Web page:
For perhaps the first time in American history, seemingly rational adults will sit down and spend significant time dissecting the off-off-year elections in Virginia, New Jersey, and New York's much-discussed 23rd Congressional District.
Naturally, a consensus will emerge:
The angry, hard-right, radical, insane (etc.) conservative base has hijacked the Republican Party and, in the process, further alienated a beleaguered nation—a nation that apparently is hankering for tripling deficits and government takeovers of the health care, energy, banking, and car industries.
Like Democrats, I, too, hope Republicans suffer. By focusing on needless culture wars, nurturing government centralization and growth, and spending without restraint, the GOP has downgraded fiscal conservatism to nothing more than election-time rhetoric over the past decade. And not surprisingly, Republican identification is also at an all-time low.
So how is it, some wonder, that a recent Gallup Poll claims that "conservative" remains the dominant ideological group in this nation—with between 39 and 41 percent of voters identifying themselves as either "very conservative" or "conservative"?
The percentage of independents describing their views as "conservative" has also grown, to 35 percent from 29 percent in just one year.
What does it mean to be conservative these days? I mean, "conservative" happens to be the default self-identifying ideological designation of nearly every Republican politician (and some Democrats, too); so in Washington, at least, we know it means very little.
In the real world, I imagine many non-ideologically inclined voters tend to see themselves as conservative, as well. And with a president who has yet to meet an industry he doesn't believe needs to be managed by the loving but firm hands of Washington, this increasingly must mean fiscal conservatism.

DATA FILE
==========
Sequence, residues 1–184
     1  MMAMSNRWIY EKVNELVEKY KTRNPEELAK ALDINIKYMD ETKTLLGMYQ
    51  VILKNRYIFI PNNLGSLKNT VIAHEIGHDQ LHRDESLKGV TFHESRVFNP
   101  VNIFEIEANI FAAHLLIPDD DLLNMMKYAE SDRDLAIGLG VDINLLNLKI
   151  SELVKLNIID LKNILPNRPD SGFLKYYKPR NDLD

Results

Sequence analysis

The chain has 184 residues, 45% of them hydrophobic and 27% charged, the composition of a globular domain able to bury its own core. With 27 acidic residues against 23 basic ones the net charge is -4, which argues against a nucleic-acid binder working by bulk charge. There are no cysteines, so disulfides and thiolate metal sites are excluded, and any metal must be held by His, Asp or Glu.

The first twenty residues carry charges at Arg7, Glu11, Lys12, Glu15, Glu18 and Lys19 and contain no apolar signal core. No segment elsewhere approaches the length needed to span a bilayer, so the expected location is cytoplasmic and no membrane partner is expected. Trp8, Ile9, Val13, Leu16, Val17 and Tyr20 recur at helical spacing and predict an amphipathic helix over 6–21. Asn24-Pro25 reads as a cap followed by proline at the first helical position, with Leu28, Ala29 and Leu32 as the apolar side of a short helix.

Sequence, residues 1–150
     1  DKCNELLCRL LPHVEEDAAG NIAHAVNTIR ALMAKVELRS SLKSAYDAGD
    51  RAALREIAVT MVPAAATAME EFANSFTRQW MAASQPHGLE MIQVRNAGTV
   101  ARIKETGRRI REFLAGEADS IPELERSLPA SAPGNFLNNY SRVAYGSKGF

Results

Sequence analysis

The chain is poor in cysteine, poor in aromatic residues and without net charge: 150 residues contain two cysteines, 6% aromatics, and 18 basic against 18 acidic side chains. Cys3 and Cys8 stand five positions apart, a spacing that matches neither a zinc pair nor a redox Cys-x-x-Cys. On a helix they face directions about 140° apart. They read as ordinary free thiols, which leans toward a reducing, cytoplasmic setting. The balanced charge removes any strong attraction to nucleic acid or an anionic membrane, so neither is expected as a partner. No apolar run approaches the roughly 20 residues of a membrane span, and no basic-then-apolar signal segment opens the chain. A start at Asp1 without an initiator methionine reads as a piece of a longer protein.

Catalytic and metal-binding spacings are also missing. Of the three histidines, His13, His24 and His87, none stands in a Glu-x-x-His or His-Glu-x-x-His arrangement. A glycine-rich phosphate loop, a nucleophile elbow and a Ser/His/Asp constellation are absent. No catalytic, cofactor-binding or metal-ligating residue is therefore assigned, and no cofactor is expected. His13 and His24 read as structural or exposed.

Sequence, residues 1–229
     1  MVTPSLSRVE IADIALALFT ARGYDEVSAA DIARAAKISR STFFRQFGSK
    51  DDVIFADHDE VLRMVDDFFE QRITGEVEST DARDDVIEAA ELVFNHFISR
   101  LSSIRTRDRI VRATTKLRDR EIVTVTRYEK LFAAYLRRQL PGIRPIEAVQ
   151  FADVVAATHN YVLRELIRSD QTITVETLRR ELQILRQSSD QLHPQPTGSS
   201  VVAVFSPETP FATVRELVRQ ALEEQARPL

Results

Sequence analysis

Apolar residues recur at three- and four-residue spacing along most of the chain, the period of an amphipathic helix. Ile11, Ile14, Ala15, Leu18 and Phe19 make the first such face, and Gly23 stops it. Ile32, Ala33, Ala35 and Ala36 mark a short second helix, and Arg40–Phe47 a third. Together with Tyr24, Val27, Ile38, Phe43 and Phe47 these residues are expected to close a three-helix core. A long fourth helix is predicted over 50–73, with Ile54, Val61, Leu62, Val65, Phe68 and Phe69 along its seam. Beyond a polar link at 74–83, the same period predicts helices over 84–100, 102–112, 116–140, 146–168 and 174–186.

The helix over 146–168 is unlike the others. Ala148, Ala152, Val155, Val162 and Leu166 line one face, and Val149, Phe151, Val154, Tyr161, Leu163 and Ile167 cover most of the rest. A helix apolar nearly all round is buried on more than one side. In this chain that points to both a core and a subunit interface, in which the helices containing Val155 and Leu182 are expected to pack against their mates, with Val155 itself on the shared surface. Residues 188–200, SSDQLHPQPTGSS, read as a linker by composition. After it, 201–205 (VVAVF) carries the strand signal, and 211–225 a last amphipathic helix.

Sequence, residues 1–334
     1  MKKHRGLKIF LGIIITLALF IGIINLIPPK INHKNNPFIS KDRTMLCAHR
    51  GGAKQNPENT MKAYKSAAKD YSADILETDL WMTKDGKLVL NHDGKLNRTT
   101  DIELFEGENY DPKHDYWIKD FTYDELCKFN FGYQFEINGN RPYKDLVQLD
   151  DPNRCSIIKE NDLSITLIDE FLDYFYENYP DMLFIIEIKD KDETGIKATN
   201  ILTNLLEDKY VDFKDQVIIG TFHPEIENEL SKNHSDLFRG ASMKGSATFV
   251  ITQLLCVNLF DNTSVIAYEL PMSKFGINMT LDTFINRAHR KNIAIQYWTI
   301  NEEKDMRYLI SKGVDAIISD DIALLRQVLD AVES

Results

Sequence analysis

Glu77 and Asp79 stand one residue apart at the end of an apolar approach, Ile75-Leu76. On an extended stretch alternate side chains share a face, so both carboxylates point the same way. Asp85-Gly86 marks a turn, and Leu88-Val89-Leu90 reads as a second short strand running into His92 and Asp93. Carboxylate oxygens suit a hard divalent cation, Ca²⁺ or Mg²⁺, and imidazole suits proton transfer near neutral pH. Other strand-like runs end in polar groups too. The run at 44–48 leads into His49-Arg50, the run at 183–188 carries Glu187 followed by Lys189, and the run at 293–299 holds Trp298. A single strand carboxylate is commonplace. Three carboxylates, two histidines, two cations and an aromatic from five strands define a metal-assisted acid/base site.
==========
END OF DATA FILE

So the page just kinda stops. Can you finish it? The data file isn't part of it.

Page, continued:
The rise of free-market populism in this country finally has manifested in an election. And judging from the hyperbolic reactions, you know it's a political movement with staying power.
When tepid, traditional conservative candidate Doug Hoffman knocked off liberal Republican Dede Scozzafava—a candidate who was supported by nearly every boogeyman in the GOP handbook—you might have thought that the rabble had stormed the Bastille.
Sophisticated New York Times columnist Frank Rich called the event "a riotous and bloody national G.O.P. civil war" and compared the conservative surge to a murderous Stalinist purge. (Remarkably, the esteemed wordsmith failed to unleash similar histrionic language when one-time-Democrat Sen. Joe Lieberman met the same fate.)
Purging moderates is indeed a self-destructive strategy for any national party. But running a party without any litmus tests on the central issue of the economy seems to be similarly self-defeating.
The most impressive trick played by Rich and other liberals, though, is creating a narrative wherein the ones attempting to fundamentally reconfigure the American economy are cast as the moderates.
The nearly powerless who stand in their way? Well, they play the part of Stalinists.
Now, I'm not nearly as smart as Frank Rich, but I do know that the single ideological bond that holds together all factions of the right is a belief in capitalism and economic freedom. Or, at least, it should be.
In fact, as Arthur C. Brooks, American Enterprise Institute president, summed it up, "there is a major cultural schism developing in America. But it's not over abortion, same-sex marriage or home schooling, as important as these issues are. The new divide centers on free enterprise—the principle at the core of American culture."
The next few elections will tell us whether this tenant of American culture has staying power—and whether there will be a political party to champion it.
David Harsanyi is a columnist at The Denver Post and the author of Nanny State. Visit his Web site at www.DavidHarsanyi.com.
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